And that means that what happens going forward is literally anybody's guess. Alabama is the only playoff contender that could actually lose to Florida State, but they're also the only contender that has it in them to trash Oregon (especially after a much-needed month to get healthy). But speaking of playoffs, don't count that W over Missouri yet. I've got a feeling the drama isn't done with this regular season.
As for the game, I have a lot of the same stuff I had to say last year this time, so let me quote myself from a sadder time a year ago:
[Alabama's defensive size and scheme] create the possibility of what happened yesterday: a team that plays a running game that attacks every part of the field can spread the Bama monsters out so that it becomes possible to get skill players into one-on-one situations in the largish in-between area that is neither up the middle nor on the sideline. If your skill players can beat the guys they will encounter in that area - usually Alabama's large linebackers - Alabama has no schematic answer for that.
If the Bama D is in the process of adjusting to a sleeker version that can handle this type of offense, the adjustment has not been dramatic so far. Our difficulties in stopping the Auburn running game meant that their run game and play-action got our safeties' attention and left Eddie Jackson and company on their lonely little islands with Sammie Coates and Duke Williams. One might have expected a little more Rashaan Evans and Tim Williams than what we actually got: I think that duo saw more action against Texas A&M, the other spread attack Bama has faced, and was effective.
Of course part of it had nothing to do with Alabama's scheme and everything to do with Auburn's standout receivers and Nick Marshall's almost surreal accuracy with the deep ball. But if it hadn't been quite so difficult to stop Auburn's run game, the Tide safeties might've been able to play a little deeper and cut that over-the-top stuff at least back a bit. That side of the ball might not have been so much of a mess.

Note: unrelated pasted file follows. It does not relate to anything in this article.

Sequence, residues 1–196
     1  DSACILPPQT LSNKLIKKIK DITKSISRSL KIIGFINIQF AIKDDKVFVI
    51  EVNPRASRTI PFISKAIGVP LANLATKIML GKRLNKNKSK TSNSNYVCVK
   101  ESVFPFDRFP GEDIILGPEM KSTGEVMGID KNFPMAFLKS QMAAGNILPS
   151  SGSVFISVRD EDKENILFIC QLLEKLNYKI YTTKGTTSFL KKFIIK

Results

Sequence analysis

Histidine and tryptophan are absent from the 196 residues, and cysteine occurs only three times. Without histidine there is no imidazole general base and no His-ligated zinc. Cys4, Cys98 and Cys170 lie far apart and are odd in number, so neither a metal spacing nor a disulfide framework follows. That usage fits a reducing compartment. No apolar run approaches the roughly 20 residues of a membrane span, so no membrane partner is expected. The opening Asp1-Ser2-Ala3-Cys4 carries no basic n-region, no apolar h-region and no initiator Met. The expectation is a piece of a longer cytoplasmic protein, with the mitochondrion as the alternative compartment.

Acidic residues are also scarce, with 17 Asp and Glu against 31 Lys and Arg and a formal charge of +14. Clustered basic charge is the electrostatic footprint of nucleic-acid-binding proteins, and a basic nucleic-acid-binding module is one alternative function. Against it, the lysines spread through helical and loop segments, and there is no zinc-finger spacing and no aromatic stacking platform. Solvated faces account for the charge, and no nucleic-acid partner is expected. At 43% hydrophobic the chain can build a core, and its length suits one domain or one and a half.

Nick Marshall yesterday was a nice little preview of Marcus Mariota - should the Tide wind up confronting that gentleman. Mariota is every bit the running threat that Marshall is, if not even more of one, and he throws it that accurately nearly every game, not just once in a blue moon. His receivers might not quite parallel Williams and Coates, but they can sure beat you deep, and Oregon's offense is as comparable to Auburn's (and vice versa) as you will find. Alabama will have to get better pressure on Mariota than it got on Marshall or that could be a very long game.
Sorry, Blake, but we start with the picks, because avoiding them is your #1 job.
The first was an accurate throw; Sims just didn't see the safety lurking, as he absolutely must. The second was an ugly overthrown attempt to fit one into a tight window with several defenders lurking to take advantage of any mistake. The third was the closest of the three to being excusable - not that it was excusable, just closer. Sims had two receivers to the left and wanted to go to Amari Cooper but the Auburn DB was sitting on the route and when Blake went to the second receiver, Christion Jones, he didn't see that another Auburn corner was already breaking on the ball before he released it. Sims should've just eaten the ball (probably his only option), but you have to give AU some credit for the artful way they played both potential receivers.